Kyanguli Fire Tragedy

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The Kyanguli Fire Tragedy occurred on the night of 24 March 2001 when a dormitory at Kyanguli Secondary School in Machakos County, Kenya, caught fire. 67 pupils died in the incident.

Background[edit]

In early March 2001, Davis Onyango Opiyo, then a 16-year-old form 3 student, approached Felix Mambo Ngumbao with a plan to burn down a dormitory in the school. Opiyo told Ngumbao that he, like many students in the school, did not like the new principal, David Mutiso Kiilu. Top of the list of complaints against the new administration was the low quality of food that they said was being provided. Some of the survivors later said that they suspected the administration's demands for unpaid school fees as well as a decision to cancel KCSE results over cheating by the Ministry of Education may have contributed to the tragedy.[1] The two boys contributed Ksh. 600 to buy petrol at a nearby service station. On Saturday 24 March when the rest of the school had attended a school sports event, the two went to Machakos town and bought 15 liters of petrol. That night, some students complained to the school authorities that they smelt petrol coming from one of the dormitories. However, a search by the principal, the head boy and the night guard did not reveal anything.

Prior to the tragedy, there had been an unsuccessful attempt to torch the principal's office and the library. There had also been notes circulated in the school calling for a strike against the administration but the student body seemed not to be bothered by the call.

The Fire[edit]

At around 1.00 am on 25 March, students were woken up by screams and fire from the dormitory. The night guard on duty later reported that that night, he spotted someone with a flash light near the dormitory. When he stopped the student, he realized that it was Felix Ngumbao. When questioned by the guard, Ngumbao said that he had gone to fetch water. The deputy principal also narrated that on the same night, he bumped into Ngumbao, took his admission number for punishment then let him go. The dormitory had a capacity of 130. A padlock on the main door as well as metal barriers placed on the windows prevented the students from escaping.

Legal Action[edit]

On 9 April 2001 Ngumbao and Opiyo were arraigned in court. They were charged with murder. The trial lasted for almost two years. In Ngumbao's written statement to the court, he admitted to contributing towards the purchase of the petrol but denied taking part in the arson. He said that he, too, like the other students, was woken up by screams.

Ngumbao initially confessed to taking part in the entire plot but later retracted his statement saying that he had given it under duress from police officers in Athi River.[2] Judge Robert Mutitu, however, questioned why the suspects never brought this to his attention or that of the magistrate or the OCPD Athi River.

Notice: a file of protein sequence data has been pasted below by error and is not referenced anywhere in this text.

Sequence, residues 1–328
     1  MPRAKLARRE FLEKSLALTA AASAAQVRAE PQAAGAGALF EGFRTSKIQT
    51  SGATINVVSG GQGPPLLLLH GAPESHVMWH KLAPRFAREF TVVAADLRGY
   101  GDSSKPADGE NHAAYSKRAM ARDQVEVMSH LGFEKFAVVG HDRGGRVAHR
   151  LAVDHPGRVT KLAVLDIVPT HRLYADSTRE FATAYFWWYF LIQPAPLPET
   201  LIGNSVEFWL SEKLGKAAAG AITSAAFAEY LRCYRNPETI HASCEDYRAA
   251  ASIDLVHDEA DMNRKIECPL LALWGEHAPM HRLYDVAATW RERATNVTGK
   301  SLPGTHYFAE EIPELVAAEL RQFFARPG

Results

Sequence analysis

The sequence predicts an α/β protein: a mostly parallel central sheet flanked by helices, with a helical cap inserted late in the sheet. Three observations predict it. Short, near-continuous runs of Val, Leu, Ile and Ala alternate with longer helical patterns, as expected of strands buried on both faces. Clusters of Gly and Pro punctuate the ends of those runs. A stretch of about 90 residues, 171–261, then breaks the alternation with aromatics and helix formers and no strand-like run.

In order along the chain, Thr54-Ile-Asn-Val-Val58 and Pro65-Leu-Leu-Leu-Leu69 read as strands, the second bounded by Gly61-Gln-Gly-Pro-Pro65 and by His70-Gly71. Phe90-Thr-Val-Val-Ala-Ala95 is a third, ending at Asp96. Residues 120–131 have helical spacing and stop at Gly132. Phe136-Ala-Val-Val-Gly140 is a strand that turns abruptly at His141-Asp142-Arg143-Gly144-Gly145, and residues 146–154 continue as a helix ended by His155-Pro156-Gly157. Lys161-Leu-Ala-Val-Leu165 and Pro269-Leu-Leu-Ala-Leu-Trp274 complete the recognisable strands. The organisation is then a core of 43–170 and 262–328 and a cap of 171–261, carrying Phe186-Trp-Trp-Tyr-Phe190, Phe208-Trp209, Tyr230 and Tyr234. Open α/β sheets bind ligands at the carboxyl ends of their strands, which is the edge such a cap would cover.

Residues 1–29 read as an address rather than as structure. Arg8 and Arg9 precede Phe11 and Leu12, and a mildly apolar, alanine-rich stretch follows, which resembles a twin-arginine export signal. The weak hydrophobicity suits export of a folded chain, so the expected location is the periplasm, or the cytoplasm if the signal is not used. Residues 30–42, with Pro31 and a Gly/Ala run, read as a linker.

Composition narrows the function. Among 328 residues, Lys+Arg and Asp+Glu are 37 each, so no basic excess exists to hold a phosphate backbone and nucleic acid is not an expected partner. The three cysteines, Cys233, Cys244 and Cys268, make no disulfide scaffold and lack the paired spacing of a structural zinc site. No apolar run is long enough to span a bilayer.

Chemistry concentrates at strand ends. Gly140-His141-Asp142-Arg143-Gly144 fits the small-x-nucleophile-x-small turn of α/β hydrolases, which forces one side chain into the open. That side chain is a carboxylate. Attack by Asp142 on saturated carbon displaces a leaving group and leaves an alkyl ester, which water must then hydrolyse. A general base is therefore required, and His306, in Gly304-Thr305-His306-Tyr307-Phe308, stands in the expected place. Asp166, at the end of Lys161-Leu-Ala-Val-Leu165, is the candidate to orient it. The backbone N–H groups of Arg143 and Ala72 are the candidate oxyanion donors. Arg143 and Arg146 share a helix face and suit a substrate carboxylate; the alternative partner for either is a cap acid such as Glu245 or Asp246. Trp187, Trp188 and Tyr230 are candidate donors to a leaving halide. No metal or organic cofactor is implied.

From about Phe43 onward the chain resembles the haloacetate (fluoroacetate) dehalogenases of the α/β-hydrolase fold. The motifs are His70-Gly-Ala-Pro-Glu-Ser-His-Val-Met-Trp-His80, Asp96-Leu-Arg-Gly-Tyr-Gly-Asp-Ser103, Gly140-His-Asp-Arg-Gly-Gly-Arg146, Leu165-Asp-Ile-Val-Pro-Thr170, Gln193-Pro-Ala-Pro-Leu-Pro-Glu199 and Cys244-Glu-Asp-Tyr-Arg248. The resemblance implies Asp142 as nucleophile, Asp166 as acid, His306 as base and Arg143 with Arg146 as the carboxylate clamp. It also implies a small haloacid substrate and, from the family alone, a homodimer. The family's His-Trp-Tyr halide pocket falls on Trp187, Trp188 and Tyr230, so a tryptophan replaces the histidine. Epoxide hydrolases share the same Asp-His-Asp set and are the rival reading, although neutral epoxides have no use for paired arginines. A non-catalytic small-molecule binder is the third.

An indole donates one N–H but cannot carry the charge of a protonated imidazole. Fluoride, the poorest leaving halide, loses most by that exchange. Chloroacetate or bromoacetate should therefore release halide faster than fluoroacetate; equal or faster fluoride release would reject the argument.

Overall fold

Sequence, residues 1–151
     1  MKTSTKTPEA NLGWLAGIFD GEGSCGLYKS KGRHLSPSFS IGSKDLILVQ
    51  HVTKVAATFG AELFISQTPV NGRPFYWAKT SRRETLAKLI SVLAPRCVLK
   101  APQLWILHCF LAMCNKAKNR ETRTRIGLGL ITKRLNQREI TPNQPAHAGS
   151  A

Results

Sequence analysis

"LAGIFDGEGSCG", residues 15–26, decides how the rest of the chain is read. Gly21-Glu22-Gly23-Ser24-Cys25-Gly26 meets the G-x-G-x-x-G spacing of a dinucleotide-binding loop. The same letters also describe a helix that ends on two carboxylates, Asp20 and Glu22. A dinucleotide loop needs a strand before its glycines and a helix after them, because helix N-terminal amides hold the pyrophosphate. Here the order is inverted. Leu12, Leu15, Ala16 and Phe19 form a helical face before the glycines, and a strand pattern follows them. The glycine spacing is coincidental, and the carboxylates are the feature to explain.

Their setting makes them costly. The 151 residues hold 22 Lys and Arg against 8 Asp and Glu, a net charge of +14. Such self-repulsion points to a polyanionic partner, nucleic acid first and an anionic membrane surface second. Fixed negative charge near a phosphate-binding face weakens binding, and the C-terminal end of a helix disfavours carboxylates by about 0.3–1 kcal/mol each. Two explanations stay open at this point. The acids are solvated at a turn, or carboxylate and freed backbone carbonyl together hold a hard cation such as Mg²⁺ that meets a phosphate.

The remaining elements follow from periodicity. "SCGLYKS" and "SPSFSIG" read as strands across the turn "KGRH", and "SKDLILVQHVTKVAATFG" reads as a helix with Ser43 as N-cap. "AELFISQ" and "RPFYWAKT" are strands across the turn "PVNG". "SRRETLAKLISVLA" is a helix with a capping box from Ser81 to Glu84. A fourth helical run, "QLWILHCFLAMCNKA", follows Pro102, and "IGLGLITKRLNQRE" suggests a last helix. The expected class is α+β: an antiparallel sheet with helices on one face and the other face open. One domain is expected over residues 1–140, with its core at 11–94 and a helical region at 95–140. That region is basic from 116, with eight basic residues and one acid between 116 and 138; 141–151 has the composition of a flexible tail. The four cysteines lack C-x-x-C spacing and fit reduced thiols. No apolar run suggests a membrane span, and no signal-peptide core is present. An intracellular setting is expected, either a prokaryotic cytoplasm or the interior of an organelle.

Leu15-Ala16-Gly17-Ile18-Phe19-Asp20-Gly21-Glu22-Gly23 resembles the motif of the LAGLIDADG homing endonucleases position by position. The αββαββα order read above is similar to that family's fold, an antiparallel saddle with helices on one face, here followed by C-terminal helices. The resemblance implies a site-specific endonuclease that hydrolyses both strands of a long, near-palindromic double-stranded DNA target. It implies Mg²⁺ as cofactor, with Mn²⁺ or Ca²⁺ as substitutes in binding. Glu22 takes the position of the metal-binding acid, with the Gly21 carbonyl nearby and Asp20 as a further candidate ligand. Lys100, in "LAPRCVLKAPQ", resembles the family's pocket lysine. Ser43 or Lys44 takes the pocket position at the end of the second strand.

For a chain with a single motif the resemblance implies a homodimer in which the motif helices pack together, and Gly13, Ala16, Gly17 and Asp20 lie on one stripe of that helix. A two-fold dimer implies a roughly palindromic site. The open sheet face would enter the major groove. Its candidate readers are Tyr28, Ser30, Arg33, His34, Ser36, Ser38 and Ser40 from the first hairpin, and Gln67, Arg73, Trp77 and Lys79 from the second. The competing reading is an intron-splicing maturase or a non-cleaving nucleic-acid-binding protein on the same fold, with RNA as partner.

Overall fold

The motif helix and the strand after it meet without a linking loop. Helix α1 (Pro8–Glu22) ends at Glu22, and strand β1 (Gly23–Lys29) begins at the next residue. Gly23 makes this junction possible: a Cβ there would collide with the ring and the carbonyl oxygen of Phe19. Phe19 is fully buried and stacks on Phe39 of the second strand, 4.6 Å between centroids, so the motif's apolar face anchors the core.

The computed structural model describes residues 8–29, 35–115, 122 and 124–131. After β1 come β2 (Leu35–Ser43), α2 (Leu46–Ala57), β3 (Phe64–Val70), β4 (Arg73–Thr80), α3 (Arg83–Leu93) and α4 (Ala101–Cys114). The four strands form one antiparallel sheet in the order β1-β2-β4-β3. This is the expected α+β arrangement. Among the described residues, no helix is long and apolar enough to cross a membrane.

After two years of court proceedings, Judge Mutitu resigned from office. This was part of a government clean up of judges who had been implicated in various corruption scandals, an operation dubbed 'radical surgery'. Justice Nicholas Ombija took over the case. Ombija terminated the case on 4 December 2006 terming it a mistrial since Mutitu was being probed for corruption.

Aftermath[edit]

The school still retains the same name. The site of the burnt dormitory is no more and has been replaced by a grass lawn and timber, which serves as a memorial park. 58 of the students were buried in six mass graves in the school compound. On 3 March 2016, Justice Joseph Sergon of the High Court awarded parents of the victims Ksh. 40,900,000. Each family was to receive Ksh. 650,000 for pain and suffering.[3] In his ruling, Justice Sergon said that the school, in its capacity as an agent of the state, had failed to prevent the fire, even though there had been two earlier attempts to set the school on fire.[4]

Kyanguli Bereaved Parents Disaster Self-Care Group was formed after the tragedy to help bereaved parents deal with the psychological challenges of the tragedy.[5]

On 24 February 2017, the parents held a protest in Machakos town against the amount that had been awarded as well as failure by their lawyer, Kioko Kilukumi, to effect the payments.[6]

The Kenya government has not issued an official statement on the tragedy nor given an official explanation on the trial.

References[edit]

  1. ^ "Arson Suspected In Kenya Tragedy".
  2. ^ "Kenya remembers fire tragedy". 26 March 2002 – via news.bbc.co.uk.
  3. ^ "Court awards Ksh.40M to Kyanguli fire victims".
  4. ^ "Kyanguli school fire victims awarded Sh41m".
  5. ^ "This is our story 15 years later - parents of Kyanguli arson victims » Capital News". 14 March 2016.
  6. ^ Bereaved Kyanguli parents accuse lawyer of going mum, urge state to help The Star